Are you afraid of the dark?
This is Sandra Tsing Loh with the Loh Down on Science, saying it's only human.
Light, it turns out, is hard wired into the experience of fear. So say psychologist Brian Wiltgen and colleagues at the University of Virginia, who modeled the effect of ambient light on learned fear in mice.
The researchers trained the mice by playing them a minute-long tone, followed by a quick shock to their little feet. Imagine you got hit with a taser every time the phone rang. Pretty soon you'd be cringing every time you heard that sound. That's "learned" as opposed to "instinctive" fear.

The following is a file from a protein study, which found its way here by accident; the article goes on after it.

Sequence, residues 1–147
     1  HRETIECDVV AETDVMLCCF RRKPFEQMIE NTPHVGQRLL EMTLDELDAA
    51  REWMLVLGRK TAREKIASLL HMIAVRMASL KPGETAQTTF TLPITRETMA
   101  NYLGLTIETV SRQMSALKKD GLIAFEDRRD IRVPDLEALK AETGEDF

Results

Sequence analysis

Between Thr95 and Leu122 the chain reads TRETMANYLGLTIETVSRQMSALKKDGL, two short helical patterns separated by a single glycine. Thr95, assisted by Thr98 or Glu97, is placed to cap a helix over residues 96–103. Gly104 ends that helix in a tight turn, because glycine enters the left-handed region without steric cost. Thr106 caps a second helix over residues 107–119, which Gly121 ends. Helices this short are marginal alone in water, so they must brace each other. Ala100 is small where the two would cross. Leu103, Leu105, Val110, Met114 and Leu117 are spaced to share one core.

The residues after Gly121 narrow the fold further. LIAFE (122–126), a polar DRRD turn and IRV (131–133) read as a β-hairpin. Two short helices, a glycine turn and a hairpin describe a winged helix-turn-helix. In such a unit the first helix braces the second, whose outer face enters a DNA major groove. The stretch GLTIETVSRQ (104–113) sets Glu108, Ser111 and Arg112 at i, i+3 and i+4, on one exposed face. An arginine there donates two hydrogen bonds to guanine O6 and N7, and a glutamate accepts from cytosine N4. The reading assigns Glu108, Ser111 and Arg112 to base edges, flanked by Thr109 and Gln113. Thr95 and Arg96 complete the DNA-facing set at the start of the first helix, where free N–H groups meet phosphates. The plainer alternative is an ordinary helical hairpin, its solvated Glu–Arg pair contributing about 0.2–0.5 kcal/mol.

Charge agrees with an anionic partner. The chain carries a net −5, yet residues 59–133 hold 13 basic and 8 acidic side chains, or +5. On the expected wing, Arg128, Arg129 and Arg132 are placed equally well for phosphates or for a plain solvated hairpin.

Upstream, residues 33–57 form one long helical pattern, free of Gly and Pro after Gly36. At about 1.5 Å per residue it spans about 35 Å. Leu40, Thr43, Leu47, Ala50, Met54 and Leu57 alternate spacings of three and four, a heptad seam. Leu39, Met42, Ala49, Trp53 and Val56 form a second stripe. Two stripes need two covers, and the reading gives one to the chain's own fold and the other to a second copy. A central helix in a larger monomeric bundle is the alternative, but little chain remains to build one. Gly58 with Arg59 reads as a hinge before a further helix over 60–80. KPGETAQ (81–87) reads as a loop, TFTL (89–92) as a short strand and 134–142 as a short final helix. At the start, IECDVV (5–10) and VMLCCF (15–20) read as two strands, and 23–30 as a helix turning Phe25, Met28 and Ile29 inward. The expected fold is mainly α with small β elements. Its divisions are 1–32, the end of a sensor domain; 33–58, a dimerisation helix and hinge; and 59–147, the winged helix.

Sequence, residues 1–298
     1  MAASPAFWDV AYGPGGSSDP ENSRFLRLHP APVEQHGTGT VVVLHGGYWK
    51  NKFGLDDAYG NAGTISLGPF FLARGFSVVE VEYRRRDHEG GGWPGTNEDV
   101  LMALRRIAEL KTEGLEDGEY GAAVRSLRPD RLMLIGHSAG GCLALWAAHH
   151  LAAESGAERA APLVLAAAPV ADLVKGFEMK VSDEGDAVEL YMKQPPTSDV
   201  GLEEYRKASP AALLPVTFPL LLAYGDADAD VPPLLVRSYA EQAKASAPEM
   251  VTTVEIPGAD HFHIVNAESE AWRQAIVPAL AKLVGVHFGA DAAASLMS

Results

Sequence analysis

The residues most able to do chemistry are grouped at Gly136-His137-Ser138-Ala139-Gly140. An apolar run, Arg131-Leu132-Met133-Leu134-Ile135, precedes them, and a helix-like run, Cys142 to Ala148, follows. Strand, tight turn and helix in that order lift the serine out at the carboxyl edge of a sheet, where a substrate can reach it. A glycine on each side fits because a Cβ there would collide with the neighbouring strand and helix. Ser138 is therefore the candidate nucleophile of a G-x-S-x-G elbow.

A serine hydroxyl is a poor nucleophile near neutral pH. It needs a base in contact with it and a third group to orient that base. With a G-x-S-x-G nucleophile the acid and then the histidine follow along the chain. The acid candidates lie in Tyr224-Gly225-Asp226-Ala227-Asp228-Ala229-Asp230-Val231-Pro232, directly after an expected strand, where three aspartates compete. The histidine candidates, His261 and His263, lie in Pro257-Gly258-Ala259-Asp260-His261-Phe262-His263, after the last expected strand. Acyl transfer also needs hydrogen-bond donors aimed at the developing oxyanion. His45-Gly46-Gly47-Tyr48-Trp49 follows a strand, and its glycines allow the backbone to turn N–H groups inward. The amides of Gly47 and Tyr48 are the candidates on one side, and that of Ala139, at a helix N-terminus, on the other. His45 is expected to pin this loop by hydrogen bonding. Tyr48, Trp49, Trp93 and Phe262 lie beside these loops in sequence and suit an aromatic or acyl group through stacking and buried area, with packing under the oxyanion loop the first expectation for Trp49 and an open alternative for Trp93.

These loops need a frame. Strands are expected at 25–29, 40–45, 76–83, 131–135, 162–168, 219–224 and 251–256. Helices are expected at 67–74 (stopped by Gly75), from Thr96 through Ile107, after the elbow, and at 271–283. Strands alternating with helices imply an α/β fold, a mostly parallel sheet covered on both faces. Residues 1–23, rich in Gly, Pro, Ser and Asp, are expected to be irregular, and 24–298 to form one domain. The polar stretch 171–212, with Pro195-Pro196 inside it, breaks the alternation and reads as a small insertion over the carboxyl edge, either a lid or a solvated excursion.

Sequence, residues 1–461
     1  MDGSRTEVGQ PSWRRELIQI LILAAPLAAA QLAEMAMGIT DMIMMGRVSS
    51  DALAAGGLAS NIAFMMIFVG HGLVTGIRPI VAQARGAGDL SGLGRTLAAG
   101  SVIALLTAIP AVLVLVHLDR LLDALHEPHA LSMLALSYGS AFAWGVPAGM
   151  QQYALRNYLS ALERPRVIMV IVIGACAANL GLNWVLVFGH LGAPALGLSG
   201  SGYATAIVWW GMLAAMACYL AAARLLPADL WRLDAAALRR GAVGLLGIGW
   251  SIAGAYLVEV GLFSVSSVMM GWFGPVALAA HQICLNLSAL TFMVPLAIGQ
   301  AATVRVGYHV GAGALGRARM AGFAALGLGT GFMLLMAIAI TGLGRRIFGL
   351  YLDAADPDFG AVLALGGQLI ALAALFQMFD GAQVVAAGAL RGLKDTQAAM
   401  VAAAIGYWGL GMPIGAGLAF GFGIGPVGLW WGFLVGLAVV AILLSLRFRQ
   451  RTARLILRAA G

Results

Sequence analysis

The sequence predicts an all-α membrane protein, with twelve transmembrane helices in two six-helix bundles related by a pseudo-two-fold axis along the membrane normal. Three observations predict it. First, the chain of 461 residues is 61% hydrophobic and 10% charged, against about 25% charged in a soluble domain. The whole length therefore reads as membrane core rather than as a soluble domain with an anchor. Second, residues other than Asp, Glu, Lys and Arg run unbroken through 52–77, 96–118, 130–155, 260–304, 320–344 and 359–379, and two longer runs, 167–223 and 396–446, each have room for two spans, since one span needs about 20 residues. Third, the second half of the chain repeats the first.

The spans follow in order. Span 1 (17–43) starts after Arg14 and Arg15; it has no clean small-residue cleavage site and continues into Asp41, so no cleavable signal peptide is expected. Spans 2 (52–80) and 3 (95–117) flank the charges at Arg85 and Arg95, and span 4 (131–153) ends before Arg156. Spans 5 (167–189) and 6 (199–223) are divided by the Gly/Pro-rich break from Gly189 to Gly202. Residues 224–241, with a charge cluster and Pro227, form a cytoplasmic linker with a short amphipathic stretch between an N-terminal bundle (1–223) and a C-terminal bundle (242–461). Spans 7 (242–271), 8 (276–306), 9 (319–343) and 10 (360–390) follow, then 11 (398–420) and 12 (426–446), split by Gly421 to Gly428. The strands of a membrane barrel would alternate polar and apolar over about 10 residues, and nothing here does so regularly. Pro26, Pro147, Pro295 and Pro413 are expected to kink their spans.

So what does light have to do with it? Well, when the researchers turned up the lights, mice cowered more and longer than they did when kept in the dark. Upshot: the light increased their learned fear.
Of course, in humans, the effect is likely reversed, with low light enhancing fear. The results could help in the treatment of a range of anxiety conditions including post-traumatic stress disorder.
In the meantime, people, no shame in clicking on that Donald Duck nightlight!
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